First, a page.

Ready? Boing!

About this resourceReviewed: 2015

Video length: 1:02

Transcript

Jayden and the teacher, Cassie, are sitting on the floor next to a small activity box. The teacher pushes a button to make a bear jump, to which Jayden reacts with a hearty giggle.

Teacher: Ooh. Ooh.

Spencer joins the group and sits on the teacher’s lap.

Cassie: Ready? Boing!

Jayden giggles.

Cassie: Can you push the button? You push it. Ready? Can you push it, Spencer?

Spencer pushes the button. Jayden giggles.

Cassie:? Boing! (Jayden giggles.)

Jayden twice says his name; his attempt sounds like “the end.”

Cassie: Ready? Boing! (pointing to the other side of the toy) Actually, what’s this thing up here? Does this go here? Can you put him … her in there? Put her right here. Now push this button. Can you push right there?

Another teacher is having an off-camera conversation with a child.

Mason: Mine. (He pulls a bear away from the toy just as Spencer is about to make it jump.)

Cassie: Oh. Hold on. They are playing with it too. You can play on that side, Mason. Ready? Boing!

This video takes place in an infant/toddler room of a university laboratory child care center and preschool during free play time. Jayden (20 months) and the teacher, Cassie, are sitting on the floor engaged with an activity box. Two more children, Spencer (20 months) and Mason (21 months), join them as they explore how the toy works. Cassie demonstrates activating the toy, and the children follow her lead. This interaction shows how the teacher appropriately engages the children by asking Spencer to participate and redirecting Mason when he takes the bear.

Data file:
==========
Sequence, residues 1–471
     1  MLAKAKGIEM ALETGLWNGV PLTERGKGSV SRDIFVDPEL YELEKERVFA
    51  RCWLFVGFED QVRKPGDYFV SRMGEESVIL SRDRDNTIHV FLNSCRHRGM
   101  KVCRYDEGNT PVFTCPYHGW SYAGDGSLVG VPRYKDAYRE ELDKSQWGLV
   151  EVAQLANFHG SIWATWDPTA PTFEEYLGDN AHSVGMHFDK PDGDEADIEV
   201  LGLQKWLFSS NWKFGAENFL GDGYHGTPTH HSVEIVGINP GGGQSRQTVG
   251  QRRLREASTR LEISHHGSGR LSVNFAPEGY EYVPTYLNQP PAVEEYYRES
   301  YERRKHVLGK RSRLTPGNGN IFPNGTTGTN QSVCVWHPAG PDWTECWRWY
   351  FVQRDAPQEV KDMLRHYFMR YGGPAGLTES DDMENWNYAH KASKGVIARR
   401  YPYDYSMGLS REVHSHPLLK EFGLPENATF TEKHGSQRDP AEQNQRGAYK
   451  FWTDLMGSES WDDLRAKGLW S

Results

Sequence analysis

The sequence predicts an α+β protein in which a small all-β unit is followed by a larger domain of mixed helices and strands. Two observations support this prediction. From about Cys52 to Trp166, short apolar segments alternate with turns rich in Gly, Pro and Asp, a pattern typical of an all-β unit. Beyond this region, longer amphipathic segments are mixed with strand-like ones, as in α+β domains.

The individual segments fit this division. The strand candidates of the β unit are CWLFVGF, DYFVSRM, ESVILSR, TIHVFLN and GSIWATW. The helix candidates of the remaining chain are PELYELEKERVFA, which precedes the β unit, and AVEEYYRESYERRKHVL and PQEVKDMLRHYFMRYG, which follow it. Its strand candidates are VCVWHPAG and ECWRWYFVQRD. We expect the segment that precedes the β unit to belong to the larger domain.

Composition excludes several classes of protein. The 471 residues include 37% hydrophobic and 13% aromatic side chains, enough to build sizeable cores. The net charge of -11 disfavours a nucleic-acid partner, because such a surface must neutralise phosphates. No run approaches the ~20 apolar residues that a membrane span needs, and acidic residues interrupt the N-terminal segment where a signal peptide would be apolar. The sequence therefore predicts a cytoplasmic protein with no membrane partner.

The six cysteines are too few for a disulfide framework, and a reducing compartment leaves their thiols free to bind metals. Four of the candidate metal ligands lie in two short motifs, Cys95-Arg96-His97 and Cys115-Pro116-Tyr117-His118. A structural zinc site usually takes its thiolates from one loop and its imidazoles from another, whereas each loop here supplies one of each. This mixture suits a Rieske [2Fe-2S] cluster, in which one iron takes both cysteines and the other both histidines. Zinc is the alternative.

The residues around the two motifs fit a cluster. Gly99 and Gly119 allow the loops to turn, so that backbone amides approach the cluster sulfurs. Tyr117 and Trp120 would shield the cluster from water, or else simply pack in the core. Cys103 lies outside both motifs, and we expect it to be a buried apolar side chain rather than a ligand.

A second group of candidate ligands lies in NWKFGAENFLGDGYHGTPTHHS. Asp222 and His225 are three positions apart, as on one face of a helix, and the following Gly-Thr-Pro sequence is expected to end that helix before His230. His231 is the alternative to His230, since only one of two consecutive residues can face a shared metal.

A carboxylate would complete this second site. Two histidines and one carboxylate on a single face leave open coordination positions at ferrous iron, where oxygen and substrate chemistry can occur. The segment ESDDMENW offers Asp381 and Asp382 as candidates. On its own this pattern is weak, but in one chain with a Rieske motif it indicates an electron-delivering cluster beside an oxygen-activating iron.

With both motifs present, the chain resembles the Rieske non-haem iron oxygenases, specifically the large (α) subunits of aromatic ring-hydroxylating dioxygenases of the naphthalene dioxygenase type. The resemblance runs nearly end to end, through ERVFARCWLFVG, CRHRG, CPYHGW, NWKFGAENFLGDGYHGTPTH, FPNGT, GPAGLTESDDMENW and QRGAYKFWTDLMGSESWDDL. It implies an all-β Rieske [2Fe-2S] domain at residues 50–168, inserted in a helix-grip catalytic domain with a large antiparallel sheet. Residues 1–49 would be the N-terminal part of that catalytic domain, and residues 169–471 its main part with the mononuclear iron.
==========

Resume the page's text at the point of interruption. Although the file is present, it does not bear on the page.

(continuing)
Illinois Early Learning Guidelines for Children Birth to Age Three and strategies that caregivers used.


Self-Regulation: Foundation of Development
Behavior Regulation
Children demonstrate the emerging ability to manage and adjust behaviors in accordance with social and cultural contexts.

Strategies for interaction (16-24 months)
  • Provide the child with clear limits and provide reminders of them through the day
  • Model thoughtful and respectful behavior when interacting with the child
Action

After Mason tried to take a bear, the teacher told him that the others were playing on one side and that he could play on the other side.


Developmental Domain 1: Social & Emotional Development
Relationship with Adults
Children demonstrate the desire and develop the ability to engage, interact, and build relationships with familiar adults.

Strategies for interaction (16-24 months)
  • Set appropriate and consistent limits; ensure to take realistic expectations into account.
Action

The teacher let Mason know that he could play with the toy but would need to stay on one side, most likely because it was crowded around the small toy.


Developmental Domain 3: Language Development, Communication, & Literacy
Receptive Communication
Children demonstrate the ability to comprehend both verbal and nonverbal communication.

Strategies for interaction (16-24 months)
  • Use gestures while asking the child to complete actions
Action

The teacher pointed to the lever that made the small bear jump and encouraged the children to try it themselves.


Developmental Domain 4: Cognitive Development
Logic & Reasoning
Children demonstrate the ability to use knowledge, previous experiences, and trial and error to make sense of and impact their world.

Strategies for interaction (16-24 months)
  • Provide the child with experiences that demonstrate cause and effect
Action

The teacher demonstrated how the toy worked and encouraged the children to try it themselves.


Approaches to Learning
Persistence, Effort, & Attentiveness
Children demonstrate the ability to remain engaged in experiences and develop a sense of purpose and follow-through.

Strategies for interaction (16-24 months)
  • Provide the child with different manipulatives that he or she can explore independently
Action

The teacher helped to keep the children engaged by encouraging them to push the lever and reacting positively to their efforts.